This creative session would build upon that discussion and in this specific format allow participants to focus on presenting their own experiences with self-translation and expound phenomena and examples of their own writings and translations to be shared with other creative writers and/or (future) self-translators. Topics to be discussed could include:

NEMLA 2019: Decolonial Approaches to Literature, Film and Visual Arts

updated: 
Monday, August 13, 2018 - 12:39pm
Badreddine Ben Othman and Danielle Schwartz (Binghamton University SUNY)
deadline for submissions: 
Sunday, September 30, 2018

According to Walter Mignolo (2013, 2007), the triumphal narrative of modernity is inseparable from coloniality, or the logic of domination, exploitation, and oppression. While modernity builds itself on a triumphal narrative of civilization, progress, and development, modernity hides its darker side, “coloniality.” “Modernity/coloniality” shows that while modernity materializes in the rhetoric of salvation, modernity, capitalism, and coloniality are inseparable aspects yoked to authority and the control of economy. The first conceptualizations of modernity/coloniality/decoloniality, launched by Quijano (2007), focus on economic-political dimensions and the question of knowledge and racism.

Language and Boundaries in the Brut @ ICMS 2019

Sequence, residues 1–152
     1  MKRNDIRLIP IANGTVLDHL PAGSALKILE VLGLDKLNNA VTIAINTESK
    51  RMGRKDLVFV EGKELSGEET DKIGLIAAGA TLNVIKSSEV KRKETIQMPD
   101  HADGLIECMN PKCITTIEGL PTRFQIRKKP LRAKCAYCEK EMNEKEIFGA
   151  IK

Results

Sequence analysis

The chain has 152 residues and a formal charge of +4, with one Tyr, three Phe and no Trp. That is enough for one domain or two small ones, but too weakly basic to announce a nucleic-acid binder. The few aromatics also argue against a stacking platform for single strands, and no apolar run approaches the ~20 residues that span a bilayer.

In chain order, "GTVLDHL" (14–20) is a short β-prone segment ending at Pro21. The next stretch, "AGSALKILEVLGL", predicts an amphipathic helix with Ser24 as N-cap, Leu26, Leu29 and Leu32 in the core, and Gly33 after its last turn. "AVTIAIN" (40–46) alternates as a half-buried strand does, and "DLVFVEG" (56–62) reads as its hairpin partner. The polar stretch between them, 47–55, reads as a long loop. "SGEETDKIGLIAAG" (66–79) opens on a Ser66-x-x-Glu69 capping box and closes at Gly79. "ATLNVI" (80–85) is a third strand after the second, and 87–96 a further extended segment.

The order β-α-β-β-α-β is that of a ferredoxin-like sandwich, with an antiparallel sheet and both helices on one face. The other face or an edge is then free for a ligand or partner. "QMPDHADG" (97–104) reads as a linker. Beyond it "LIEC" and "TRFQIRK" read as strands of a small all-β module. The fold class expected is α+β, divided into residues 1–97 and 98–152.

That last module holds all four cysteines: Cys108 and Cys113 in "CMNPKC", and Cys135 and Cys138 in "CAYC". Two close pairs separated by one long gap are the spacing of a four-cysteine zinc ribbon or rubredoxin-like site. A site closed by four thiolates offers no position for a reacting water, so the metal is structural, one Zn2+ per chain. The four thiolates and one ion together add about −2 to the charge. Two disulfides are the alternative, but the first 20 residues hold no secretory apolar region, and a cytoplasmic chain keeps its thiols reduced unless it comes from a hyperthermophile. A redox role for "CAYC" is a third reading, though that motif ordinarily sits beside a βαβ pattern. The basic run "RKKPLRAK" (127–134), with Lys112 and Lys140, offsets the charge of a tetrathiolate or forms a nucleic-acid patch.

updated: 
Saturday, August 11, 2018 - 11:24am
International Layamon's Brut Society
deadline for submissions: 
Saturday, September 15, 2018

This is a session sponsored by the International Layamon's Brut Society for the 54th International Congress on Medieval Studies, May 9-12, 2019, Western Michigan University, Kalamazoo, MI.  

Beasts in the Brut @ ICMS 2019

updated: 
Monday, August 6, 2018 - 4:13pm
International Layamon's Brut Society
deadline for submissions: 
Saturday, September 15, 2018

This is a session sponsored by the International Layamon's Brut Society for the 54th International Congress on Medieval Stodies, Western Michigan University, May 9-12, 2019.

Call for Submissions: International Journal of Literary Linguistics

updated: 
Friday, August 3, 2018 - 9:13am
Johannes Gutenberg-Universität Mainz
deadline for submissions: 
Friday, November 30, 2018